Review: Manchester Psych Fest 2018

Art & Culture

Manchester Psych Fest approached its sixth campaign with a simple but pertinent objective: to redress the gender imbalance that has long been a sticking point in festival programming. Rather than risk landing themselves in hot water à la Moogfest, the organisers met their objective sensitively – simply ensuring that all-female or female-fronted bands were as prevalent as their male counterparts. This attitude permeated throughout the festival, down to the DJs and artists who brought sound and character to each of the four Northern Quarter host venues: Soup Kitchen, Night & Day Cafe, Band on the Wall and The Peer Hat.

Ultimately — and as the final bill was testament to — parity really isn’t that hard to realise. The festival has expanded year on year and 2018 represented its most balanced and enticing line-up to date. Alongside the assemblage of psych, post-punk and experimental rock acts, were a team of artists led by Louise Rivett, who curated the festival’s projections, exhibition and performance art. And of course, there were the DJs, food stalls and pop-up attractions now customary at the modern festival.

Our first steps on a sticky Saturday afternoon took us to Night & Day Cafe, where first to the stage, Mold delivered one of the day’s major surprises. The Manchester-based five-piece wore plain black, their painted faces recalling Arthur Brown’s God of Hellfire guise. Their look was but a small part of their absorbing stagecraft. Factor in the bowing of a saw, occasional instrument swapping and their frontman’s physical interactions with the crowd and you had the makings of a set that was impossible to turn away from. The group thrilled, shocked and mystified with their Death Suite, an extended number with the eccentric prog properties of Blossom Toes material, acerbic lyrics that could’ve spilled from the late Mark E. Smith’s pen and jarring, angular chords that called to mind no wave bands such as Contortions.

Mold live at Night & Day Cafe – Photo © Jessica Gwyneth

Immediately after them came Swedish artist Hannes Ferm and his four-piece, HOLY. Their comparatively subdued set was witnessed by a depleted crowd, as other sets commenced across the festival site, but that only drew those in attendance in closer. HOLY’s rich psychedelia called to mind the productions of Todd Rundgren, bands like Pond and Trevor Powers’ retired project, Youth Lagoon. Ferm was an unassuming yet intriguing performer, sporting a long overcoat and hand-cut t-shirt, exploring the limits of his wild falsetto and achieving a resplendent sound with his 12-string electric guitar.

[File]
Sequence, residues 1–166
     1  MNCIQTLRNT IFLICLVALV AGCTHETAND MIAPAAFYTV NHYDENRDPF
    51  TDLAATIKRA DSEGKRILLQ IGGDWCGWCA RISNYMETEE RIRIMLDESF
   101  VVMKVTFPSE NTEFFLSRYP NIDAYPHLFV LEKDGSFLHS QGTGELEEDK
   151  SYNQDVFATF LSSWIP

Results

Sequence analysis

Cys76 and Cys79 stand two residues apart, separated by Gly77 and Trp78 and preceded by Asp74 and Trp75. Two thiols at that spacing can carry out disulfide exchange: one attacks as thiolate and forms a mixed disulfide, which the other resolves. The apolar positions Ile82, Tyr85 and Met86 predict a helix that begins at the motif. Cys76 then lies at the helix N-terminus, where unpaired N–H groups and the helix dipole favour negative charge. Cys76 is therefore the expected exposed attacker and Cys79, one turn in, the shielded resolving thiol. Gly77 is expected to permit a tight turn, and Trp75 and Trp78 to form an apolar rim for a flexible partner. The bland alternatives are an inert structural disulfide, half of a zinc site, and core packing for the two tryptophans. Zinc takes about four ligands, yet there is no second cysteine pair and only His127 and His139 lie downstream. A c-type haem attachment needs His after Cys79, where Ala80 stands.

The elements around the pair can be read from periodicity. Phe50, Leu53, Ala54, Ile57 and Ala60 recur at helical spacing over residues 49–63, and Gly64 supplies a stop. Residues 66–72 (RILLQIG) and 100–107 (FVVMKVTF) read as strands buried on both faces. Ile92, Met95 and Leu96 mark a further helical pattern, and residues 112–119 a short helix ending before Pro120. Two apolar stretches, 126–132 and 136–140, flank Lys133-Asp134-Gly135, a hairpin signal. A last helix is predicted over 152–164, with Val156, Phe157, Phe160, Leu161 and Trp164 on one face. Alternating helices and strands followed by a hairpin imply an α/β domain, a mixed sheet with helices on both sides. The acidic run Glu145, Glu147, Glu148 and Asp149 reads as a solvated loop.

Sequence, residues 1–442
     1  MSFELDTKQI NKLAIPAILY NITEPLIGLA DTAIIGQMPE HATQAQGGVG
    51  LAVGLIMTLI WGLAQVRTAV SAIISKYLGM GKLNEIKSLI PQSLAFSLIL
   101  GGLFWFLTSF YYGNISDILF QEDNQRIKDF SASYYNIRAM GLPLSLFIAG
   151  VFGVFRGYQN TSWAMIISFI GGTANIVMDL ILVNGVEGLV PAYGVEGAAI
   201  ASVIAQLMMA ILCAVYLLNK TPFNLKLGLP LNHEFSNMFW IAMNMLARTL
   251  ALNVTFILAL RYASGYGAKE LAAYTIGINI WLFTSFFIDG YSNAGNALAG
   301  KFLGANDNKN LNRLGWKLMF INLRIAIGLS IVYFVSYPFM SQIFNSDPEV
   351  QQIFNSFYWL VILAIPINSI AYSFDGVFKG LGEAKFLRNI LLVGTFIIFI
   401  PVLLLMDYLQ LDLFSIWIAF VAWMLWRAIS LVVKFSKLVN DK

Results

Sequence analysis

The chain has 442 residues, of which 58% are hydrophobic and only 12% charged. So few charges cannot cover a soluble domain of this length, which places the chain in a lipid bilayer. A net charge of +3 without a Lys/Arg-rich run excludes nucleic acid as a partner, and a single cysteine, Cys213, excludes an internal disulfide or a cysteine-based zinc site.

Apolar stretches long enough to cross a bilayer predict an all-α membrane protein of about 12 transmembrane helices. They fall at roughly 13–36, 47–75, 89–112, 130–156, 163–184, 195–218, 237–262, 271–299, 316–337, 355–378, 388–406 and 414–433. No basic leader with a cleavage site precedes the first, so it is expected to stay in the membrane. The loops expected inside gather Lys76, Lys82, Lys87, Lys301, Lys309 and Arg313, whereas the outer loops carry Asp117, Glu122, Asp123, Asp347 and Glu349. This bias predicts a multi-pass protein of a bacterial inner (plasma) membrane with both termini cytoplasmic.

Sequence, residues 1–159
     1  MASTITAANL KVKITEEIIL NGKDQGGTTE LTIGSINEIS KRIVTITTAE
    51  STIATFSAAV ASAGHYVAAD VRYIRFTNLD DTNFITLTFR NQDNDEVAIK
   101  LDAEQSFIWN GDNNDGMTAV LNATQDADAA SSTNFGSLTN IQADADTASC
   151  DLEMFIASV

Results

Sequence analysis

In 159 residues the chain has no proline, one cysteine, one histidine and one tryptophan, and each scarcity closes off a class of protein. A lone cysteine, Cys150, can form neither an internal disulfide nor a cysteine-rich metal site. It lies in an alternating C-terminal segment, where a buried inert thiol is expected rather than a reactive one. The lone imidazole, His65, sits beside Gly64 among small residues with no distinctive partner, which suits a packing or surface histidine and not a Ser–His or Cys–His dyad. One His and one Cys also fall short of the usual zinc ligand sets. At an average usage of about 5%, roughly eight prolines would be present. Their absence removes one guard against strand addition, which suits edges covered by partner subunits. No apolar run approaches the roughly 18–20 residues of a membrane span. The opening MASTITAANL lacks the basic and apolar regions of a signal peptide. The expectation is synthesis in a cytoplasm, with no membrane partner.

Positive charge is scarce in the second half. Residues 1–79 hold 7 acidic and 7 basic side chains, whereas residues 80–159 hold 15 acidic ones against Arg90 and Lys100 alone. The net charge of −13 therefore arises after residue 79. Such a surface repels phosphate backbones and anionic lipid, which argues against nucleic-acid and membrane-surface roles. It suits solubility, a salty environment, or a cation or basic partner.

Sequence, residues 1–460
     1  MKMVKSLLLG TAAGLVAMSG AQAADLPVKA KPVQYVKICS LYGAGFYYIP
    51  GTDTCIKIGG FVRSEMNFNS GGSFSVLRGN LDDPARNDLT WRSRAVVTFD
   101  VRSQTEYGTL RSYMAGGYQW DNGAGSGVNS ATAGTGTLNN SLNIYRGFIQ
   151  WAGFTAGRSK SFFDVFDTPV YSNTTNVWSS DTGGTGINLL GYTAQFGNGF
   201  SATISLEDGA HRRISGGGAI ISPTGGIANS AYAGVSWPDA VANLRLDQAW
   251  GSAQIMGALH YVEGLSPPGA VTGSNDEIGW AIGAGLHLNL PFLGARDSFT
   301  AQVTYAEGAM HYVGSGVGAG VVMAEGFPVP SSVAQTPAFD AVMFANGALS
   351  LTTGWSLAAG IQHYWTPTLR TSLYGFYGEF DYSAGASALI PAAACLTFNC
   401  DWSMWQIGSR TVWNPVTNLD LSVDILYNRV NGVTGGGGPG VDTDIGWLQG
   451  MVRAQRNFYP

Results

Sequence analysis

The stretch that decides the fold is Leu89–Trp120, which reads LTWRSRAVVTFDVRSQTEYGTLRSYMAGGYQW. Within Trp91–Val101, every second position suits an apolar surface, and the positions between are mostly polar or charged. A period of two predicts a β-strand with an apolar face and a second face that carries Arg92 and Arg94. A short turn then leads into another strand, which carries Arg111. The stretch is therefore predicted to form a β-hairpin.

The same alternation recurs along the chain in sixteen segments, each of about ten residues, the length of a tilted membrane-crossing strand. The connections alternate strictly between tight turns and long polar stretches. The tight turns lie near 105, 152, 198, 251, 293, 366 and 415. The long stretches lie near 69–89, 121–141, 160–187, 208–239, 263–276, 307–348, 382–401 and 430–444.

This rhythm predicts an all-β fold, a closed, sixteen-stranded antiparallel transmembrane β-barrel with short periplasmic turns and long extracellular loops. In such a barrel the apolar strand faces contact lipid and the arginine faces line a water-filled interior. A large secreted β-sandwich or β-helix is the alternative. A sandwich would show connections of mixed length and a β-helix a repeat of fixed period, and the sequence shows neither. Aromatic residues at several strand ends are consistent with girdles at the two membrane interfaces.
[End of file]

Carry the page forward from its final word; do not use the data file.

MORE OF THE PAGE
Heading from there to the Peer Hat and later crossing Stevenson Square to witness the ILLness at Soup Kitchen, we were presented with two of the most aggressive bass tones we could’ve hoped to hear. Be them symptomatic of the subterranean performance spaces, a hasty line check, or a basal desire to shake listeners to the core, they made total sense! Macclesfield’s Grimm Twins played to a packed Peer Hat basement, local interest in the mysterious micro-movement that is Bleichpop Corporation Ltd. presumably drawing the crowd. Their anthemic new single Generation Z was a standout track and while one or two others lacked that same cutting edge, the group played with such assurance and togetherness that it barely mattered. The tone and energy switched up dramatically as we crossed to Soup Kitchen. Anger is an energy and ILL know how to harness it. The strength that surged through their provocative lyrics and instrumental tones created an environment in which everyone could release their pent-up rage and march to the beat of disobedience. 

HOLY live at Night & Day Cafe – Photo © Jessica Gwyneth

After that sonic onslaught, The Asteroid No.4’s softer and more spacious psychedelia, provided welcome respite. The show marked the twentieth anniversary of their debut LP release (although little was made of the milestone) and the performance was as well-executed as you’d expect from a band with twenty years of dedicated service. The Californian outfit sounded fantastic: maracas, guitars, vocals, drums, bass all discovering a spot and remaining there unopposed. The set contained new material, such as the trippy title track from their new album Collide and The River, from the self-titled release that preceded it. 

Impressed by the sound at Band on the Wall, we stayed put for noise-rock quartet, The Wytches. A noticeable crowd turnover took place as the bands traded places and by the time the Brighton-based group were ripping into fan favourite Gravedweller, a cluster of devotees were pogoing to its dark, grungy groove. Despite their heaviness, the band were incredibly tight, never faltering during their hour-long set.

Torn between four tremendous headliners, we took the plunge with Rocket recordings artist, Josefin Öhrn. While the band played well and brought an undeniable presence to the stage, the set unfortunately lacked the clarity and dynamic shifts that earlier acts had impressed us with. Josefin’s soft vocals were sadly submerged beneath instruments jostling for position. The experience revealed the festival’s only apparent downside, that some bands may’ve been better suited to alternative spaces and that such strong headliners made for difficult dilemmas. There are, of course, worse problems for a festival to have! Manchester Psych Fest was a joy. Inviting environments, brilliant bands and a basis from which to explore further.

Photography courtesy of Jessica Gwyneth